Yankees Don’t Seem To Be In On Scherzer, And They Shouldn’t Be


There have been reports and rumors circulating through television and social media that the Yankees are not interested in pursuing free-agent pitcher Max Scherzer. After hearing that Scherzer was looking for a contract in the range of $200 million, I think the Yanks would be wise to avoid signing him.

There’s one pitcher in the entire league who may be worth a $200 million contract, and that’s obviously Clayton Kershaw out in Los Angeles.  So if they do the right thing and stay away from Scherzer, who should they look at to add to their rotation? After the Dodgers signed Brandon McCarthy for the next four years, the Yankees rotation looks a bit slim.

With the only guys you can be sure to see pitching in the Bronx next season being Masahiro Tanaka, C.C. Sabathia, and Michael Pineda, I have two guys in mind that could make a splash for the fan base and at the same time greatly improve the staff: Cole Hamels and James Shields

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Let’s start with Hamels. He’s signed to the Phillies through the 2018 season making $23.5 million for each year remaining on his contract, so he would have to be acquired via trade. This means that the Yanks would have to part ways with some of their top prospects. While I’m not exactly crazy about trading away some of the young talent in the farm system, you could make the argument that Hamels might be worth it.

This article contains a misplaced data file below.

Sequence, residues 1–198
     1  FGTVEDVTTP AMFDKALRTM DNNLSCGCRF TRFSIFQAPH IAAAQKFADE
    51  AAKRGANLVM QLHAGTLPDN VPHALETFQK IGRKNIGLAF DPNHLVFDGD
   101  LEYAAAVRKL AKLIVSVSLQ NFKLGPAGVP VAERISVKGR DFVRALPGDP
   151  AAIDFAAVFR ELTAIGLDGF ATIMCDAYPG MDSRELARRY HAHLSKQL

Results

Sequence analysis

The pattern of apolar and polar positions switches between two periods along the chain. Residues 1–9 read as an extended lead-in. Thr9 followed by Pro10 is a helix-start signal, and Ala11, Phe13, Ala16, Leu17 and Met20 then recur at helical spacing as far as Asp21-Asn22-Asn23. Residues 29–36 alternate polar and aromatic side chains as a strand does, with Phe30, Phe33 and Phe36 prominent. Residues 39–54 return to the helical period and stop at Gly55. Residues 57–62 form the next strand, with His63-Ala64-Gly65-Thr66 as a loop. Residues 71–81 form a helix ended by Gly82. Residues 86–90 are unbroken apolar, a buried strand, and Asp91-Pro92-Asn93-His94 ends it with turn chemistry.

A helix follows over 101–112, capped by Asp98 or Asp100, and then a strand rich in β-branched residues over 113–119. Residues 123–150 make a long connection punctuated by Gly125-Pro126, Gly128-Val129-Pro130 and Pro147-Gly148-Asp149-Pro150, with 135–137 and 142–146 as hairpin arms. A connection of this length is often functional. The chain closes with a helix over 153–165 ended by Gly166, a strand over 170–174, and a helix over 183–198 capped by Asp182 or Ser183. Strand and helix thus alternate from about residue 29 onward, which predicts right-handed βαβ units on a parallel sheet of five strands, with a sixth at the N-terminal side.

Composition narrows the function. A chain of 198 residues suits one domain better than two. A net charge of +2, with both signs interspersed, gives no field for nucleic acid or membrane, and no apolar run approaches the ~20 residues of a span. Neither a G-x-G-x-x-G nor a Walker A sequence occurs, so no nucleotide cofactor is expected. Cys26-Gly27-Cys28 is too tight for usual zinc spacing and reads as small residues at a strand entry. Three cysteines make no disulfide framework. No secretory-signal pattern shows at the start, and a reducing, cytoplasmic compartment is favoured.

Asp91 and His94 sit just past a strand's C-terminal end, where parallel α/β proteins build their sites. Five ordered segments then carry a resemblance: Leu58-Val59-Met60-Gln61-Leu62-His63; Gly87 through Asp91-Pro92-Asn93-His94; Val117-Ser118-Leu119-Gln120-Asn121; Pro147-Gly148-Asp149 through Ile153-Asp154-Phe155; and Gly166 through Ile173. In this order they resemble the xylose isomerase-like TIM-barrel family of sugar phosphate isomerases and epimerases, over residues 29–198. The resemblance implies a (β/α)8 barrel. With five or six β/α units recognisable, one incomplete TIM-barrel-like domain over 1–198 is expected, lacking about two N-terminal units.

Hamels has only improved as he’s gotten older. Since 2010, his worst ERA at the end of a season was in 2013 when it was 3.60. He also immediately turned things around when he finished last season with a 2.46 ERA and a 1.148 WHIP. He turns 31 at the end of the month, so if the Yankees were to acquire him they wouldn’t have to carry him in the rotation up until he’s 40. They could let him walk into free agency by the time he turns 35.

Then there is James Shields. He entered free agency this winter coming off of one of his best seasons. He finished 2014 going 14-8 with a 3.21 ERA and a 1.181 WHIP over 227 innings pitched.

What I like about Shields is the fact that he only made $13.5 million last season, so I think the Yankees could get away with offering him no more than $17.5 million per year over 4 years. I’d say keep it at no more than 5 years because he does, in fact, turn 33 at the end of this month, and I don’t want to see the Yankees pay a guy $100 million who’s shown to be shaky in October.

If they could get Shields at 4 years and $70 million that would be great, but I highly doubt that will happen as I’m sure Shields would demand more. So I say max the offer out at 5 years and $90 million, and see if he bites. He may not be interested, but I’m definitely not interested in giving a 33-year-old pitcher with a career ERA above 3.50 a contract any longer than 5 years.

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